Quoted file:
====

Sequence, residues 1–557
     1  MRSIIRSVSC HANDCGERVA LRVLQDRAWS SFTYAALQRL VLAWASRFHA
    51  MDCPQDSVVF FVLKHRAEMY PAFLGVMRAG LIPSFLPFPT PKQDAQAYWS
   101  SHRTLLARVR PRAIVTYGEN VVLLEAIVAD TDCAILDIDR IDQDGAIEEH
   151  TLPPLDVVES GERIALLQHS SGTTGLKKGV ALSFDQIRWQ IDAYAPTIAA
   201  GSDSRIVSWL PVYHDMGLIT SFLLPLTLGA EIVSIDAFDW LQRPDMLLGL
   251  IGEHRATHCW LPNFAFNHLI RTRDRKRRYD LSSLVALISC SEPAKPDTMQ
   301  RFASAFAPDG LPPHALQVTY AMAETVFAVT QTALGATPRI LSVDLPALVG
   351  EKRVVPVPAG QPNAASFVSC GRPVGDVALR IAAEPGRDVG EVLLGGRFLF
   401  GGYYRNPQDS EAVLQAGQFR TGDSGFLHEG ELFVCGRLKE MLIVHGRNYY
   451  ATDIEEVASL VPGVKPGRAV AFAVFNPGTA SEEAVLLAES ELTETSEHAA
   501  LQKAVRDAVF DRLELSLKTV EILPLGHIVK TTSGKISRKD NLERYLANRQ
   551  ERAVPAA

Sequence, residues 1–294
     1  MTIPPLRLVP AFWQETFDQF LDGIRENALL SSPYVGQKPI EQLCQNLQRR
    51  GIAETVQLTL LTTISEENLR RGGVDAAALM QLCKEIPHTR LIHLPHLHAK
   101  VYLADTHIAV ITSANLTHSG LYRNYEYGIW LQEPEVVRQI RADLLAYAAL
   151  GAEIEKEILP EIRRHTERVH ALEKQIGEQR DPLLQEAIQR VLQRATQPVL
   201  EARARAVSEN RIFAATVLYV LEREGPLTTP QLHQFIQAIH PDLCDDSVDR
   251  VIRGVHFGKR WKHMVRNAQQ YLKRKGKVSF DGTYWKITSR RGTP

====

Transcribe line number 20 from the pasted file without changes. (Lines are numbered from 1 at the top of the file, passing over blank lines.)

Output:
   251  VIRGVHFGKR WKHMVRNAQQ YLKRKGKVSF DGTYWKITSR RGTP